Because of the cumulative nature of the very mild antibacterial toxins present in the herb, it is advisable to use calendula teas for no more than two weeks or until symptoms subside, whichever comes first. Wait six weeks before resuming the tea. Anyone allergic to members of the Aster/Compositae family such as ragweed and marigold should avoid this herb.

When calendula is taken internally, it can increase the sedative effect of medications for anxiety and insomnia. It also may increase the activity of blood glucose–lowering drugs or insulin and may help decrease blood lipids and triglycerides. Consult your physician if you are taking any of these drugs before using calendula. Use caution while driving or operating machines if taking calendula and such medications at the same time. Insufficient information is available about using calendula in children, so check with your child’s pediatrician before giving it to a child. There is little data on the use of calendula during pregnancy and lactation, so its use should be avoided.

Botanical Name: Calendula officinalis
English: Marigold, Pot Marigold
Also, known as: Pot marigold, Ringelblume, Souci des Jardins, Calendula, Calendola, Thulkka Samanth Calendule, English Garden Marigold, Fleur de Calendule, Fleur de Tous les Mois, Garden Marigold, Gold Bloom, Holligold, Marybud, Pot Marigold, Souci des Champa, Souci des Jardins, Souci des Vignes, Souci Officinal, Zergul
Habitat: Believed to Europe, Some parts of India
Origin: Egypt
Harvested: Cultivated
Parts Used: Flower petals

General Information:
Calendula has been used for medicinal purposes since at least the 12th century. Flowers were used in ancient Greek, Roman, Middle Eastern, and Indian cultures as a medicinal herb as well as a dye for fabrics, foods, and cosmetics. Many of these uses persist today. Calendula officinalis is an aromatic herbaceous perennial plant, growing up to 90 cm in height
Leaves are spirally arranged, 5-15 cm long, simple, and slightly hairy. The flower heads range from pastel yellow to deep orange, and are 3-5 cm across, with both ray florets and disc florets. Most cultivars have a spicy aroma. It is in flower from Jun to November, and the seeds ripen from Aug to November. The flowers are monoecious (individual flowers are either male or female, but both sexes can be found on the same plant) and are pollinated by Bees It is noted for attracting wildlife. The plants will begin to flower in June and continue flowering until the frost kills them. They will increase from year to year if allowed to seed themselves. The ray florets are used and need quick drying in the shade, in a good current of warm air, spread out on sheets of paper, loosely, without touching each other, or they will become discolored. The Common Marigold is familiar to everyone, with its pale green leaves and golden orange flowers. One of the most versatile and important herbal medicines. This is the same Calendula as used by the homeopaths, but the method of preparation and therapy is different. It contains high levels of nitrogen, phosphoric acid, and Vitamin A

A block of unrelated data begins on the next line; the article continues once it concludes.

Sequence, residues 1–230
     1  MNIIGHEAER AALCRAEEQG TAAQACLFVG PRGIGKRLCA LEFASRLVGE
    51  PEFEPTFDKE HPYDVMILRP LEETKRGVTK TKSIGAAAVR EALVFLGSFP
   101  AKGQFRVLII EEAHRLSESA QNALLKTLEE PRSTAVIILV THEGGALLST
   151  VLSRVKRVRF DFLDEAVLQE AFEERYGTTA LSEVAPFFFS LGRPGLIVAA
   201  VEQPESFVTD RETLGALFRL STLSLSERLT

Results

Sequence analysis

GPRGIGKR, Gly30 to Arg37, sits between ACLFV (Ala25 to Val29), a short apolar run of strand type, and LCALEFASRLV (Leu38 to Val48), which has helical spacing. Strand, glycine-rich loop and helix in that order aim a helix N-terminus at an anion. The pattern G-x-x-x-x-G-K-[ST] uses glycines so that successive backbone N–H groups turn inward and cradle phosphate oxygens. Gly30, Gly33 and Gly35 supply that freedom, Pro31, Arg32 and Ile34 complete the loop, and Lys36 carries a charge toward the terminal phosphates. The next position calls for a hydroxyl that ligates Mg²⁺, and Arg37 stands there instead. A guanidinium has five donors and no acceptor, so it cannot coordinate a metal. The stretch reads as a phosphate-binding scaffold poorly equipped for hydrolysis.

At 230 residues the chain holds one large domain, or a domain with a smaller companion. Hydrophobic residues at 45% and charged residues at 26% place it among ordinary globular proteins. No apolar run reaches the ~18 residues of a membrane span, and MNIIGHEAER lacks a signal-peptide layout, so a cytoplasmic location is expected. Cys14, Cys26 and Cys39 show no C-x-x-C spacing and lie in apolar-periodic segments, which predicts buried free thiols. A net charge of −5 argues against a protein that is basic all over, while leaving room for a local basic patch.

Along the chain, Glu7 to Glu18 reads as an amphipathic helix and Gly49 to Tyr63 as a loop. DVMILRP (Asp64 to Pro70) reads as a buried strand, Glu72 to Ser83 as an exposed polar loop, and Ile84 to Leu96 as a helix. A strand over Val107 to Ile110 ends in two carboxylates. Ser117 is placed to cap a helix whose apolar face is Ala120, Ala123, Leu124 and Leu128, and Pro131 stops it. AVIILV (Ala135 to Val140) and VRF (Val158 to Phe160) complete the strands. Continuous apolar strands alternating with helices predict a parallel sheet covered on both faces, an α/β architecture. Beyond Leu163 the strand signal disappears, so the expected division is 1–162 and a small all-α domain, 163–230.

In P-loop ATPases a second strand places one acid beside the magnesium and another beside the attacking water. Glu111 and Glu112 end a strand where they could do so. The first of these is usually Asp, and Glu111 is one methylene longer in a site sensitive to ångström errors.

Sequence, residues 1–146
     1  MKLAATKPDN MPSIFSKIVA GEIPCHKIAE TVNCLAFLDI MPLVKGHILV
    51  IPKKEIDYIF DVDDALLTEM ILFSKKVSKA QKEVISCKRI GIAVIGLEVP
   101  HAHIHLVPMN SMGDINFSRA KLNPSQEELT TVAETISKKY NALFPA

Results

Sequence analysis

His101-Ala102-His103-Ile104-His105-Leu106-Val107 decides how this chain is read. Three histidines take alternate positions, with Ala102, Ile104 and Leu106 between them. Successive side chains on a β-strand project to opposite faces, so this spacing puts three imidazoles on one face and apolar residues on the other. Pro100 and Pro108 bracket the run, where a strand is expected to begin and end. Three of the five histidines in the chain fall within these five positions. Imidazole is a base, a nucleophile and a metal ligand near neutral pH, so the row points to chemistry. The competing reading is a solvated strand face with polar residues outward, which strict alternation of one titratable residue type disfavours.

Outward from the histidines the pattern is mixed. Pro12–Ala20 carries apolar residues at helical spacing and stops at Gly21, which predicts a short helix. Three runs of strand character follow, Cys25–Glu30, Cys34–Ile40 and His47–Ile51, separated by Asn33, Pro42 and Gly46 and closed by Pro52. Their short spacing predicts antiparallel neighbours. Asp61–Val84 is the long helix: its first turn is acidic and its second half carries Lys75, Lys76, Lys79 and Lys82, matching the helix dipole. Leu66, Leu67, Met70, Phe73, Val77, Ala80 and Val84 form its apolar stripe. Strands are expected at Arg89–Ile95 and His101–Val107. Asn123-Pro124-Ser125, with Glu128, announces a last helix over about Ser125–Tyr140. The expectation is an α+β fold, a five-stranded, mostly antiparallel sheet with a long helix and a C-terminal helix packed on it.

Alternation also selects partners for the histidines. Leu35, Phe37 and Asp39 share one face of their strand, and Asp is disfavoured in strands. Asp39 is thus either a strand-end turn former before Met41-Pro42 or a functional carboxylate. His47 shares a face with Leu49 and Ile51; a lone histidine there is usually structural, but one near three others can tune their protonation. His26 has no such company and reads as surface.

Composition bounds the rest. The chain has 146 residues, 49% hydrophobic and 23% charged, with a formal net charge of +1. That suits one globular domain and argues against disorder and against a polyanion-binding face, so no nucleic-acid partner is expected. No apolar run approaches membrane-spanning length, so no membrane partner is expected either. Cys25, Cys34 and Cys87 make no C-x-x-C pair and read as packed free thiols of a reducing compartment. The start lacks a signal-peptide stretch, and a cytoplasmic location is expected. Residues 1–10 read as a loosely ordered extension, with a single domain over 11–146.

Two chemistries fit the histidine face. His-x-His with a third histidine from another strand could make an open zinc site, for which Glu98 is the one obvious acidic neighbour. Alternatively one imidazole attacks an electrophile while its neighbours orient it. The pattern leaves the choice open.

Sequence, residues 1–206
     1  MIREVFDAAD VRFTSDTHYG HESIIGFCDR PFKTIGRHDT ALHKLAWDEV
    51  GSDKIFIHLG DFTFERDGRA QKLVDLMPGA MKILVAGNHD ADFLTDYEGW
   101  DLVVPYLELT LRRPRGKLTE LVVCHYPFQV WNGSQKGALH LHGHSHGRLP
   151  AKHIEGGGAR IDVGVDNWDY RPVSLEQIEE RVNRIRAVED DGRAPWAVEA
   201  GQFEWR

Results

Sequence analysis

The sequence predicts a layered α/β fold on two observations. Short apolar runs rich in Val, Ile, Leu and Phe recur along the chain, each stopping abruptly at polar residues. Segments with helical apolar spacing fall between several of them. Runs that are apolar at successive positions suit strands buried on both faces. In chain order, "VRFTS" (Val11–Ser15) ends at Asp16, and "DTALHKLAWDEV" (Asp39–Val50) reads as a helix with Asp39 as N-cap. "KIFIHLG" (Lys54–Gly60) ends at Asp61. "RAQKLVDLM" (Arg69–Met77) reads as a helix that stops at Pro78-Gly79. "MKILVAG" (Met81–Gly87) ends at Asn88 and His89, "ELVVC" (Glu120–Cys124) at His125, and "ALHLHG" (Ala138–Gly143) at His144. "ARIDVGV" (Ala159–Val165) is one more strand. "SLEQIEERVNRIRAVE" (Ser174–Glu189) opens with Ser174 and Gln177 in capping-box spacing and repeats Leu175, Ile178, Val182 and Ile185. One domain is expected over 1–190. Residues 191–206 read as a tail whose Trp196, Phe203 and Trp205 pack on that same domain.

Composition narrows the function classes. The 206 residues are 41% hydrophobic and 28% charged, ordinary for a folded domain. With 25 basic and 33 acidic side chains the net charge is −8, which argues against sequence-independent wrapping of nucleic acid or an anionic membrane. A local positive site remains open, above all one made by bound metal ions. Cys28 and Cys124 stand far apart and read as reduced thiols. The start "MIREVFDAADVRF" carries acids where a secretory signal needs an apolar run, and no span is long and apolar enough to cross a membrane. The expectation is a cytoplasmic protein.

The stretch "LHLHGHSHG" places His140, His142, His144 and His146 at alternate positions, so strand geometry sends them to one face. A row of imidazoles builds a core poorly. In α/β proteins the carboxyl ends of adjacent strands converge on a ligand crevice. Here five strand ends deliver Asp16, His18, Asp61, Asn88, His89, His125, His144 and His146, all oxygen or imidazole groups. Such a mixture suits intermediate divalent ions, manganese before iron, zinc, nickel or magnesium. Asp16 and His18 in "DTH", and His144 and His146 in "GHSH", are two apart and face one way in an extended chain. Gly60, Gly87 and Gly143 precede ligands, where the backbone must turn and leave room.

They are often used to add color to salads or added to dishes as a garnish and in lies of saffron. A yellow dye has abo been extracted from the flower, by boiling. It should not be confused with plants belonging to the genus Tagetes, which are true marigolds and are also cultivated as garden plants commonly known as French or African marigolds.

How to use:

Hot Infusion

The basic method for dried herbs and flower in, take 2-3 tablespoons of dried herb in a cup or teapot Four het water over it and cover it with lid for 10-30 minutes Hot water is needed to draw out the antioxidants eye vitamins.

Weight 0.13 lbs

25 g, 50 g, 100 g